© 2007  Karen Selick
Shrugging Off God
An edited version of this article first appeared in the July 25, 2007 issue of The National Post.
 If you wish to reproduce this article,
click here for copyright info.


 Shrugging Off God

I was born into a family that was nominally Jewish, but religion was never a big feature of our lives.  

My mother dutifully lit the Sabbath candles every Friday evening, but we switched the electric lights on and off throughout the Day of Rest as freely as we did on every other day of the week.  We didn’t mix milk and meat, but it was okay to eat bacon--so long as my grandmother didn’t know.  On the High Holy Days, my father and brother went to the synagogue.  I just took the day off from school and played with my friends.

Yet despite this lackadaisical attitude towards official observances, my parents believed in God their whole lives. 

I began to harbour doubts at a fairly early age, perhaps seven or eight.  My brother, who is four years my senior, came home one day quite upset.  “My friend Mark says there is no God,” he announced.

“That’s what his family believes,” my mother replied.  “We believe there is a God.” So that was the official word in our household.  But still, it started me thinking.  Why did Mark’s family not believe in God?  Could there be any truth to this rumour?

After all, as Jewish kids, we had been taught that there is no Santa Claus, while all around us, gentile kids believed in him.  They seemed to do it because other people told them to, then they stopped because other people told them to.  Could it not be the same for God? There were other parallels too.  People asked both God and Santa for stuff, but only occasionally did either one deliver.  Santa’s record was actually better than God’s. And another thing: nobody ever seemed to see the real Santa, and nobody ever seemed to see God.

 I reserved judgment and ignored the issue for several years.  Then when I was about 15, a Christian woman who had adopted elements of various eastern religions came and spoke at my high school.  She said if we wanted to communicate with God, we should close our eyelids and turn our eyes upwards to gaze at a phantom “third eye” located somewhere around the middle of our foreheads.  If we cleared our minds and repeated a mantra, we could sense the presence of God.  Individuals who were receptive often found that God would then talk to them. She claimed that when St. Paul was struck by a flash of blinding light on the road to Damascus, what had actually happened was that his third eye had suddenly opened, and he had become acquainted with God.  We could, too, if we practiced.

 The woman seemed genuinely to believe what she was saying, so in a spirit of scientific inquiry, I decided to give it a try. Lo and behold, something miraculous happened.  As I sat quietly with my eyes closed and upturned, repeating my mantra, a sensation of peace came over me such as I had never known before. God didn’t talk to me, but I was excited nevertheless. Something had definitely felt different inside my head.

 I repeated the exercise on several occasions, each time asking God to give me some sort of sign that he was listening.  He never did.  For the first few times, the feeling of peace returned each time I followed the instructions. But eventually I had to be honest with myself. There was never a peep out of God.  Not a sigh, not a whisper.  Nothing.  Disappointed, frustrated and bored, I stopped trying.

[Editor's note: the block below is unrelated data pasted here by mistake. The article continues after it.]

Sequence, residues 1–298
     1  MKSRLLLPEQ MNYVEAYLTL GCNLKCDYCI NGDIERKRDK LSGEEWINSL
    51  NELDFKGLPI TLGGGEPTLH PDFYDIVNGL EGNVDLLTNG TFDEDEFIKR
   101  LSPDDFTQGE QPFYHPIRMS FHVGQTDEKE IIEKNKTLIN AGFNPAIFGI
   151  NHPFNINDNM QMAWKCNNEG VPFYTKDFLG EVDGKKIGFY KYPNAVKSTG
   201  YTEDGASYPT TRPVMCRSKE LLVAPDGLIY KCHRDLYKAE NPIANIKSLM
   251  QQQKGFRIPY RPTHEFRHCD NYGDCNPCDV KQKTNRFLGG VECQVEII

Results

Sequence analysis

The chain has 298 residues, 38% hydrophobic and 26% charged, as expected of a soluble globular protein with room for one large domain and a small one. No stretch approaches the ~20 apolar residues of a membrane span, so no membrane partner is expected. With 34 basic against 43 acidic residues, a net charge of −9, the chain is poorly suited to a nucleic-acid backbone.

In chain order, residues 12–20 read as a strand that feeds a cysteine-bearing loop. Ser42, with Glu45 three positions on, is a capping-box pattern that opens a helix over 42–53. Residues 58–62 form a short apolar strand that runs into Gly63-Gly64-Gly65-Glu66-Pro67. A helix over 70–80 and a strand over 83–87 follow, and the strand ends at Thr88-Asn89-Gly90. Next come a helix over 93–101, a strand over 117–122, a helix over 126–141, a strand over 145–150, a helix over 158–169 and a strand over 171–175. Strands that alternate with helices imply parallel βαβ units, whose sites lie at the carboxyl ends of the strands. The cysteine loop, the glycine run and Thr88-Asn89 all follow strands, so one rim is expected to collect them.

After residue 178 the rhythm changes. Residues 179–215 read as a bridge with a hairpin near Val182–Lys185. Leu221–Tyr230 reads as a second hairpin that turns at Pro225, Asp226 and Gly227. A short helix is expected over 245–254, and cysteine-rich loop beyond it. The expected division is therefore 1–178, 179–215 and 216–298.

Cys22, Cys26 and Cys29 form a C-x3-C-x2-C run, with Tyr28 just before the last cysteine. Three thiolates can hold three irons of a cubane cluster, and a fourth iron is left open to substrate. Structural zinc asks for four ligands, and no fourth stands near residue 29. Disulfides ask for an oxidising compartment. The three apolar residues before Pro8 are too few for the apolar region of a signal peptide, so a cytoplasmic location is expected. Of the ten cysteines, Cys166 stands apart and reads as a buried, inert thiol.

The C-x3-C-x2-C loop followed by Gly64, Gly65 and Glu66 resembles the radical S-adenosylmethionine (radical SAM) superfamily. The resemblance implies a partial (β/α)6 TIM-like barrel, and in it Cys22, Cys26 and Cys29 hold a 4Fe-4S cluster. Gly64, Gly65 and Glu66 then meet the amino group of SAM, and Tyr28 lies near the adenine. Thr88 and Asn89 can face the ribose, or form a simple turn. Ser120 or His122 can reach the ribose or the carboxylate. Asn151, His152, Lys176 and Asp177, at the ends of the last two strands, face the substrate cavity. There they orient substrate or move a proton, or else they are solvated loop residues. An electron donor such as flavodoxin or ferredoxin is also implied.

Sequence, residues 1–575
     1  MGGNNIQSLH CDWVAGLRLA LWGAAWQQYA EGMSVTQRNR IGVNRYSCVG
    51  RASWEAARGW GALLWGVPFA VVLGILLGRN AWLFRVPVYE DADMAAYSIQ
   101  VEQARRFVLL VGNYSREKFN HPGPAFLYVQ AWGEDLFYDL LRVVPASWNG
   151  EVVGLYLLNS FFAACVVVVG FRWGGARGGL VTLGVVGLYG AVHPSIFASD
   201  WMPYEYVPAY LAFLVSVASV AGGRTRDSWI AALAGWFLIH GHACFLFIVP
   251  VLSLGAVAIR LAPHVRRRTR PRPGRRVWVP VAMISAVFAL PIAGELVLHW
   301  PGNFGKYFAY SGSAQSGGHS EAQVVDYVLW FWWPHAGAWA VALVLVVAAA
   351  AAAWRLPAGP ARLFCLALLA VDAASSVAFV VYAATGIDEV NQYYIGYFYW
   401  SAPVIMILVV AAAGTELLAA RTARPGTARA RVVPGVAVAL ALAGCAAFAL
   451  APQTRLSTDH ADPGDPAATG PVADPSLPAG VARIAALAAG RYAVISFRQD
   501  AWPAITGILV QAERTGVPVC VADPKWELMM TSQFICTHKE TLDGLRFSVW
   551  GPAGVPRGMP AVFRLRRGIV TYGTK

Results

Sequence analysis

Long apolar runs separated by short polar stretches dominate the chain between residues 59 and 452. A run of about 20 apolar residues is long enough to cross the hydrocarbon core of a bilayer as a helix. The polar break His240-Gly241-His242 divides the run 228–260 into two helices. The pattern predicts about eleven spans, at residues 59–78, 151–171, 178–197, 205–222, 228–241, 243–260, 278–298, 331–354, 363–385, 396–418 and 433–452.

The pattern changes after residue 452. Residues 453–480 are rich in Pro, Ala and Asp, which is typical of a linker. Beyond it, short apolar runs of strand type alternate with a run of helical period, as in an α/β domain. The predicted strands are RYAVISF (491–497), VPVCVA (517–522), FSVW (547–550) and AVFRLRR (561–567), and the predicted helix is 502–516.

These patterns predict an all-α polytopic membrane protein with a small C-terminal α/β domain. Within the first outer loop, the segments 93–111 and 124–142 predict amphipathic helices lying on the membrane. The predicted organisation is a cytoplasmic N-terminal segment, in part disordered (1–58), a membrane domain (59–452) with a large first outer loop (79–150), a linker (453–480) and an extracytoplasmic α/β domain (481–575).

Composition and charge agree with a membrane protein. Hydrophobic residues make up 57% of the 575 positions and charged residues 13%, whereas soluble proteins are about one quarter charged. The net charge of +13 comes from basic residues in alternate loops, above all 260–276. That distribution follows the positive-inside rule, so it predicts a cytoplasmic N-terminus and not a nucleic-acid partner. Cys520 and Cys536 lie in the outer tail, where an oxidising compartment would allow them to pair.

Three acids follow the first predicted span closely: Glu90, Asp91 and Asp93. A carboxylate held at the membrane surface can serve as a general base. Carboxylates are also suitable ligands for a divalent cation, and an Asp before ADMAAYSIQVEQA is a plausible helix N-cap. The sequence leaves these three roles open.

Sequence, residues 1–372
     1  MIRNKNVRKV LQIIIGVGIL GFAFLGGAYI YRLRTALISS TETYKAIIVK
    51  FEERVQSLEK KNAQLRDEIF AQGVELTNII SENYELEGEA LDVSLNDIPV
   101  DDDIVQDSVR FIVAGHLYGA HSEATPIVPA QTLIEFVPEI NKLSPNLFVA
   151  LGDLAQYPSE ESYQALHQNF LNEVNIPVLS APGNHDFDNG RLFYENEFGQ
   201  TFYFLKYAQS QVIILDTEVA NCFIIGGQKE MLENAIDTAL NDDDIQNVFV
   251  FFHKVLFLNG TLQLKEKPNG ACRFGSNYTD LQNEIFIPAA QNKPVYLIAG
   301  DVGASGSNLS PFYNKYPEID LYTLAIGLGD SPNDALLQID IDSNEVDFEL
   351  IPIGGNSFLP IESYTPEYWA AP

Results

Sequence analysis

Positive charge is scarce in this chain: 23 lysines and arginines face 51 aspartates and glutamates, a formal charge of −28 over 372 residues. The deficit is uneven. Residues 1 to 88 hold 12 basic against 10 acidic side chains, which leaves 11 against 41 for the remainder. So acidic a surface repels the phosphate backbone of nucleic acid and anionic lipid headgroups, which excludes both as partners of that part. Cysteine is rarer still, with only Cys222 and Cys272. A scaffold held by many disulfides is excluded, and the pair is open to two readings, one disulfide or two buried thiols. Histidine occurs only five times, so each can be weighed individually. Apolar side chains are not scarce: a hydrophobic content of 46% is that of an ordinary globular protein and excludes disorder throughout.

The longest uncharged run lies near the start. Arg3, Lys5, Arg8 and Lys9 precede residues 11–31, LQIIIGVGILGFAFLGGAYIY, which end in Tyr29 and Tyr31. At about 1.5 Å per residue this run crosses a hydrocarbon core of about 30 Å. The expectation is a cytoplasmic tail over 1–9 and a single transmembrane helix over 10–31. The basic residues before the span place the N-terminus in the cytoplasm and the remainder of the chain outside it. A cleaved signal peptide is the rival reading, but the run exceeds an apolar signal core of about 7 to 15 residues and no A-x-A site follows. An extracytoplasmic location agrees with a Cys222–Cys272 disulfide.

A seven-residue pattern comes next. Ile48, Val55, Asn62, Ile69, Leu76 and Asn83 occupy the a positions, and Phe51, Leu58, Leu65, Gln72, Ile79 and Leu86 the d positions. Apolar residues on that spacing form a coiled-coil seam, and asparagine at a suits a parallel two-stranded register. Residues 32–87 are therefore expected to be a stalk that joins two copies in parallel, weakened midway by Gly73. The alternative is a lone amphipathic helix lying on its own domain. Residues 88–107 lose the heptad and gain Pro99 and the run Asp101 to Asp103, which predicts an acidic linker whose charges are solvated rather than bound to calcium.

The evidence for God was looking pretty scanty indeed, when I heard about a book called The Passover Plot by Hugh J. Schonfield.  His thesis was that an historical Jesus had indeed existed, but that his resurrection was a meticulously-planned fraud designed to convince his followers of his divinity.  I devoured the book with keen interest. I don’t recall whether Schonfield was an atheist or not.  It didn’t matter.  Added to my earlier doubts, his book was the second-last step on my road to atheism.

 The final step came about two years later, at age 17, when I read Ayn Rand’s novel Atlas Shrugged. Rand was a committed atheist--an articulate atheist--a proud atheist. Here was someone willing to stand up and shout what I had hitherto been almost afraid to hint at. What’s more, she had something better to offer:  a moral code based on reason.  Human beings could understand what was right and what was wrong, she said, by working it out rationally with their minds, instead of relying on hand-me-down instructions from some mythical being.

 This was all I needed. I was hooked. The last scales fell from my eyes, and my atheism was confirmed.

 I now know, incidentally, what caused that feeling of peace I got when I tried to communicate with God by looking up at my “third eye”.  Researchers studying the phenomenon of meditation have learned that turning the closed eyes upward is one of the most reliable ways of slowing the brain down from its normal alert pattern of beta brain waves to a lower-frequency, relaxed pattern called alpha waves.  What the visiting Christian lady had been inadvertently teaching my high school class was one method of achieving the relaxed mental state that author Herbert Benson writes about in his book The Relaxation Response.

 As for sensing the presence of God, it may well be that science will some day explain this in neurological terms too.  Dr. Michael Persinger, a neuroscientist at Laurentian University, has found that by stimulating the temporal lobes of the brain with a magnetic field using his “God helmet”, he can make many people feel the sensation of "an ethereal presence in the room".  Some of us may just have temporal lobes that are more easily stimulated by nature’s random electromagnetic fields than others.




.....  ..... 


July 25, 2007